Last summer I explored the one simple mistake that cost George Romero's Night of the Living Dead everything and here is why this mistake makes John Carpenter's recent comments unwarranted.
In case you missed John Carpenters' shade that he has been throwing around, I'll give it to you in a nutshell. Basically, he doesn't like anything that is going on in the horror genre right now, especially The Walking Dead. On a recent podcast Carpenter said that "[The Walking Dead] was a movie that George Romero made back in ’68 [Night of the Living Dead] and they have milked…people have milked it and they’re STILL milking it. It’s unreal.”
OK, Carpenter. We get it that you are the horror master with movies like The Thing and Halloween under your belt, but you are missing one important detail. The Walking Dead is allowed to rip off Night of the Living Dead. Actually anyone is allowed to rip it off and let me explain why with an excerpt from the article of mine that I mentioned above:
"When the movie was in production it went by the working title 'Night of the Flesh Eaters,' which also had the copyright information. Before the movie's release, the name was changed to the infamous 'Night of the Living Dead'; however the distribution company forgot ONE MAJOR DETAIL...they forgot to include the copyright information on the final release. I mean, I bet someone had to have lost their job..."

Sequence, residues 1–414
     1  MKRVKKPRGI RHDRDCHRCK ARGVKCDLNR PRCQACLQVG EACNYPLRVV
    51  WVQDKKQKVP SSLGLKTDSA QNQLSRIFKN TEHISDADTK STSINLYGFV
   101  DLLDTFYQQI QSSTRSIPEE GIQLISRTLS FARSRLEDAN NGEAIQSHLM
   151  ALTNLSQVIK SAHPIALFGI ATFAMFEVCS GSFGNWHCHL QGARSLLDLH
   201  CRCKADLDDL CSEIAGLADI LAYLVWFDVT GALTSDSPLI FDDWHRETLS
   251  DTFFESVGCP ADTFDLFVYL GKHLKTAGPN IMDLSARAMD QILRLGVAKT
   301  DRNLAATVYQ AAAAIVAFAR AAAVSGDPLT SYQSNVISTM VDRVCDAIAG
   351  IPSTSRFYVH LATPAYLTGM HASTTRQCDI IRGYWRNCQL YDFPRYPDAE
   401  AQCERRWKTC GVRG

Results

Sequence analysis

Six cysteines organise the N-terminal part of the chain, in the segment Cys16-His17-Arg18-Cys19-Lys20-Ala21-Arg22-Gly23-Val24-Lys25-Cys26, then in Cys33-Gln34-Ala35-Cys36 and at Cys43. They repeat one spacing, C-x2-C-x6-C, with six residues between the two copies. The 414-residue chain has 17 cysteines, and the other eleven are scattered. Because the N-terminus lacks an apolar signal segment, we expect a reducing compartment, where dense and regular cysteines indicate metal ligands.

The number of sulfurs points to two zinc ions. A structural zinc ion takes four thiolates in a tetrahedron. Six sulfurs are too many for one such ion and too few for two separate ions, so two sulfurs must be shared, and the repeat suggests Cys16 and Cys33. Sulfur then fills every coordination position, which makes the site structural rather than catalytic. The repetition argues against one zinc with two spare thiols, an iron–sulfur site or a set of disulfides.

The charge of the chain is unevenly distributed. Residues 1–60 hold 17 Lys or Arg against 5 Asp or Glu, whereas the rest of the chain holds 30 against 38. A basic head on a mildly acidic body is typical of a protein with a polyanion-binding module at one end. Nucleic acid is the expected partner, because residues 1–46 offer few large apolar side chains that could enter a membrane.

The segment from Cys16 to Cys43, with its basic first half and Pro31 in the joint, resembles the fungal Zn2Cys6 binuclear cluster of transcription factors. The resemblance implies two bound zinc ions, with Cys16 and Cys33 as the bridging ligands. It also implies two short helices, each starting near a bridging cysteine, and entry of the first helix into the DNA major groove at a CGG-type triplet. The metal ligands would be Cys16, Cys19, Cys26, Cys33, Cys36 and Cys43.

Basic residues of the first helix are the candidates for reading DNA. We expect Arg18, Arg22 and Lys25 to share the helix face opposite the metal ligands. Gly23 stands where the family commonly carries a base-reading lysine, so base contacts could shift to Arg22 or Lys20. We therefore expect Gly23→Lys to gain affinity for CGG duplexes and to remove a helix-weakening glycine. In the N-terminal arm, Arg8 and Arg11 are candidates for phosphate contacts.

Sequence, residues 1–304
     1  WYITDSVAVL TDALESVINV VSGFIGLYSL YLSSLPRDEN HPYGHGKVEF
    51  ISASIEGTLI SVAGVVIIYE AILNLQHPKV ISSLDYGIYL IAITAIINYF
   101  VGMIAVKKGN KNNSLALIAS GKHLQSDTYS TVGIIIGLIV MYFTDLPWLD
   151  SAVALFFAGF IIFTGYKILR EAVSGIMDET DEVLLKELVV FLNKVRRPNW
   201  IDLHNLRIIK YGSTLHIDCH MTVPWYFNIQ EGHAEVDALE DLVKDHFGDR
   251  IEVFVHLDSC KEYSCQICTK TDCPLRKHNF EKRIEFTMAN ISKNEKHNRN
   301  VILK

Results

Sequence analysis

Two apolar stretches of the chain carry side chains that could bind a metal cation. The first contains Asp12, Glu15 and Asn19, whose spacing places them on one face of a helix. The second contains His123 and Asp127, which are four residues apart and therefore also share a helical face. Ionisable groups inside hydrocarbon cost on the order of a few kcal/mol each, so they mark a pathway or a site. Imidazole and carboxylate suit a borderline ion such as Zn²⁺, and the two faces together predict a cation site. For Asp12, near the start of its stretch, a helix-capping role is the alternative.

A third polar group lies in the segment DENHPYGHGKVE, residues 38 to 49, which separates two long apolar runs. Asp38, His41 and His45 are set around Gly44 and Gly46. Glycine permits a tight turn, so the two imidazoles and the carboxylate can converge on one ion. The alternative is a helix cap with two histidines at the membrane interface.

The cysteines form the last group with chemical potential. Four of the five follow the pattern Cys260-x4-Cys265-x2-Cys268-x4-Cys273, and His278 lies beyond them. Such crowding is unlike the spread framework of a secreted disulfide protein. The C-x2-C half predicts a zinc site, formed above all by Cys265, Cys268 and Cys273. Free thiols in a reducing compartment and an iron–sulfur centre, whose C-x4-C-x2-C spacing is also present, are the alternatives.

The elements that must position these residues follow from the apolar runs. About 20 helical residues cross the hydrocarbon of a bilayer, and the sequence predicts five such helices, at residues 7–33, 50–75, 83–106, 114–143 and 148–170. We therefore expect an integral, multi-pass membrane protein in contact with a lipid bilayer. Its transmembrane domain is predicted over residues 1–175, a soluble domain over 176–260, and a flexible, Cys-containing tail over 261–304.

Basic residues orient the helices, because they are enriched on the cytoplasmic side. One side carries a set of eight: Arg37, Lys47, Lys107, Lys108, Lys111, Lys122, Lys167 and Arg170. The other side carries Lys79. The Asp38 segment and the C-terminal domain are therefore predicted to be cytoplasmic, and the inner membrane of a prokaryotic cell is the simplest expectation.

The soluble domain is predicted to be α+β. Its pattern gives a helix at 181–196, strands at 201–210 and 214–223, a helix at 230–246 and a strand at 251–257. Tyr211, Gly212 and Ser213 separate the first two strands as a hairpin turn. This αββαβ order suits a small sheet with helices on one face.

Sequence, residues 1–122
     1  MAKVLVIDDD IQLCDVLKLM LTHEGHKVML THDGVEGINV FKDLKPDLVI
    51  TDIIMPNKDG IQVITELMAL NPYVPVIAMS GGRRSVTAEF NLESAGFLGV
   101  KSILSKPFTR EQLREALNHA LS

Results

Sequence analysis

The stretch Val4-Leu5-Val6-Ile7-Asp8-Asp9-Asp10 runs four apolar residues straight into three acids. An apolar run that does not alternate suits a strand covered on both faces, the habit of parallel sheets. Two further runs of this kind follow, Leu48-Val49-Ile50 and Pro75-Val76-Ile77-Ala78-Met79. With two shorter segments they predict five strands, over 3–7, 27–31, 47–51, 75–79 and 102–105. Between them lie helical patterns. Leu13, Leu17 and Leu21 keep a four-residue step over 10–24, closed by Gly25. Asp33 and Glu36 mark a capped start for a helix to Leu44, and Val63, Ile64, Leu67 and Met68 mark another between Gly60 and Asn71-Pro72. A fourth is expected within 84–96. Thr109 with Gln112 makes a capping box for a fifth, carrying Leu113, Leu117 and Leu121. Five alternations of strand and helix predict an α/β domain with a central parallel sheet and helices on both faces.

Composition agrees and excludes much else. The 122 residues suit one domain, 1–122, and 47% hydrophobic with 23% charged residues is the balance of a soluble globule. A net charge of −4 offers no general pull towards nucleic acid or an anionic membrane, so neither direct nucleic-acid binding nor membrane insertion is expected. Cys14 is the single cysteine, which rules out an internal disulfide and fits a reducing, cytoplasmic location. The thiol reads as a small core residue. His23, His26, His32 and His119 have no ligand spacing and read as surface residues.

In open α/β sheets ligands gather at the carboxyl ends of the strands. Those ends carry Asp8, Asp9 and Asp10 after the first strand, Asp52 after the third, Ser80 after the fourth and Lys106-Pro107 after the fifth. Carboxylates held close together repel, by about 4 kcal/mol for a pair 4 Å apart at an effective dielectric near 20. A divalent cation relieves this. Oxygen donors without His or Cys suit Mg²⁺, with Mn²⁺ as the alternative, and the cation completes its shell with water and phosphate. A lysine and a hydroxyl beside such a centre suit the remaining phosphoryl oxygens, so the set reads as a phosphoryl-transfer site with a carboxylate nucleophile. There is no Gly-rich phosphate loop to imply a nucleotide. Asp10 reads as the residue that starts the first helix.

You May Ask Yourself, 'So What's The Big Deal About A Copyright Issue?'
Just because the movie was missing the copyright doesn't mean that it isn't protected, right? Well, not in 1968. In 1968, this meant that the movie was now public domain and not protected by any copyrights. It wasn't until almost an entire decade later that the Copyright Act of 1976 was put in place to protect instances exactly like this from happening. So now this famous movie was up for grabs! Anyone can start making unofficial sequels, selling VHS's, DVDs, merchandise — all without paying up. So, if you want to make a Night of the Living Dead sequel, go for it! Think about this, the "Romero Zombie" has influenced every zombie movie that has ever been made — or any zombie book, TV show, etc. And all of these stories can do so without having to pay.
I don't know about you, but I'm a fan of The Walking Dead and pretty much all things zombie, so I say keep them coming! What do you think?